It was the barefoot trim that morphed into nutrition and feeding the feet for me. It was right around the time that IR/Cushings was gaining awareness. So, I've gone from trimming to nutrition, to cushings so far. I live a frugal life at the barn and when I stepped back and put it all together, I ended up with the horse management system that I have today. I have a barn full of gravel and no longer buy bedding, no stalls, gravel in the round pen, a pasture paradise, balanced diets and rock crushing feets.

    I lost my namesake, Missyclare just before Christmas. She never would drink enough, no matter how much salt I fed her. We had a turn in the weather to cold and she colicked  and it could not be resolved. I had to put her down. She was thirty. Just two days before that, I watched her lift herself into the most beautiful lope that only a quarter horse can do. That's how I  will remember her. If the pic shows up, that's her on the right at 27.

    [url=https://flic.kr/p/pptxrq][img]farm9.staticflickr.com/.../15361858854_3ea7836a91_q.jpg[/img][/url][url=https://flic.kr/p/pptxrq]December 09 109[/url] by [url=www.flickr.com/.../92429952@N03]missyclare[/url], on Flickr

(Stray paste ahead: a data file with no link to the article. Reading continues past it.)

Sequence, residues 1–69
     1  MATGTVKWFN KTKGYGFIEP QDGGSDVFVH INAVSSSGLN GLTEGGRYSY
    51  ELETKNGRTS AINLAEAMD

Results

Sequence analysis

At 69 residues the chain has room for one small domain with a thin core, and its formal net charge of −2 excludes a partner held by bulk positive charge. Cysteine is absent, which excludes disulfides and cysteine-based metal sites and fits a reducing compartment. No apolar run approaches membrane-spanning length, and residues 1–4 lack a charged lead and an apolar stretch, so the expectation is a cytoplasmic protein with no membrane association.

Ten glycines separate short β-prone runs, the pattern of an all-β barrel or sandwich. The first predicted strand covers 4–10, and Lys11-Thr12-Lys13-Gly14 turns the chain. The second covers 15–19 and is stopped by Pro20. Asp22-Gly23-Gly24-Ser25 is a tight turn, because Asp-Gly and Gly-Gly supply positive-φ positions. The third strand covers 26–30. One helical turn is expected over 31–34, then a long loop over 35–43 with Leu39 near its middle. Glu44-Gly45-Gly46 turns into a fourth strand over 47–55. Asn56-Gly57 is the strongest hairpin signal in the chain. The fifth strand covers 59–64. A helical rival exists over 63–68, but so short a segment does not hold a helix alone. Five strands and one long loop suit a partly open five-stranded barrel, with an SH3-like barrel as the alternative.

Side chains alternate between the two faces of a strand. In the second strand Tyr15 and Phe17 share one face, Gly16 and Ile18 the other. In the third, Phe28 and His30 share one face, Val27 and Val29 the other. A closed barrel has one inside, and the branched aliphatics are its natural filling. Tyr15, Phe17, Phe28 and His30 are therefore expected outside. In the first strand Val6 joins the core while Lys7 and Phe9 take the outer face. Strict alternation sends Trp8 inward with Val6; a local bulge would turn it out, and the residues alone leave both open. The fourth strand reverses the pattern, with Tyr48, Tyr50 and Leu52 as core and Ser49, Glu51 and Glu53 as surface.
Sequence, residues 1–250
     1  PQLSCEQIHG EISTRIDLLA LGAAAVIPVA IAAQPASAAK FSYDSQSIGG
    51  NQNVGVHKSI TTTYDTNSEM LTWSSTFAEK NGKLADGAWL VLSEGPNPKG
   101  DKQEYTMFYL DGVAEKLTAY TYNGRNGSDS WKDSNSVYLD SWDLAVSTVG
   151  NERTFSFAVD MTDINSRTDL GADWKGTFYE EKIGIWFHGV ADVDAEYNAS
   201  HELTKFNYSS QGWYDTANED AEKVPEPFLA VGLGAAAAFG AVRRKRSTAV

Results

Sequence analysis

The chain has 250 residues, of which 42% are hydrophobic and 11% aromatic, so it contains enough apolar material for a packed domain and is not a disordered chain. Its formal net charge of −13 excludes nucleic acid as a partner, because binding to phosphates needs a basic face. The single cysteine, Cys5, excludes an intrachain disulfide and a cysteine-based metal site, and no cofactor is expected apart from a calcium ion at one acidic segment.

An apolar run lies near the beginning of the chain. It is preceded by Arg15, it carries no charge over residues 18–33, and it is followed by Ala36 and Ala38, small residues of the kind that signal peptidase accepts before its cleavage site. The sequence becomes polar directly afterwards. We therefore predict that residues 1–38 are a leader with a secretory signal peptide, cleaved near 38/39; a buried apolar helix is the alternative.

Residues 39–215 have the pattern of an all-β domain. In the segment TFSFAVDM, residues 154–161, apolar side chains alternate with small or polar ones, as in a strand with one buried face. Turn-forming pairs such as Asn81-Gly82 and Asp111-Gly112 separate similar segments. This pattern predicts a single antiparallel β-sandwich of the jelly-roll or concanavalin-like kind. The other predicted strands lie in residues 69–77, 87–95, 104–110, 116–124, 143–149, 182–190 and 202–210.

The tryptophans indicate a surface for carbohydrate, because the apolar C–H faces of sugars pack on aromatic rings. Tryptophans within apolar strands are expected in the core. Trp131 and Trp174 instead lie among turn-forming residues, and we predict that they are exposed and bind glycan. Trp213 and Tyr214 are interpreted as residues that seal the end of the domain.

As for the Dynovite, it sounds like a good supplement for dogs. A good move for covering all the bases. They've got a 90 day free trial, so why not?  I'm thinking it should only take a month to see if there is improvement or not. I've seen dogs on kibble only diets that have all these coat problems. This may help, Mostly its that dogs are predators and have systems for wet food. I do start the meal with kibble and add either a can of good dog food, stuff from the kitchen, or I make ground chicken and rice balls and add that to the kibble., to eliminate having to buy the cans. But then I add water and make it soupy and make them drink as well. With both the horses and the dogs, everything delivered in a pail is wet. Always promoting water consumption, except for the kind that Dana has, lol!

  • So sorry for your loss. She was a lovely chestnut girl, wasn't she? What an intelligent expression on her face. I lost Master Miles. My other two are still at Dawn Darnell's next to Steve Johnson's. So Steve still does their feet and Dawn does their teeth. It's paradise for them. I'm hoping for a job offer where I can bring Zag home.

    I add water to the dog's food, too. They're doing pretty well at the moment. I saw the Dynovite for horses.

    So good seeing you here.

  • If the terrain is hard I would recommend using easy boots.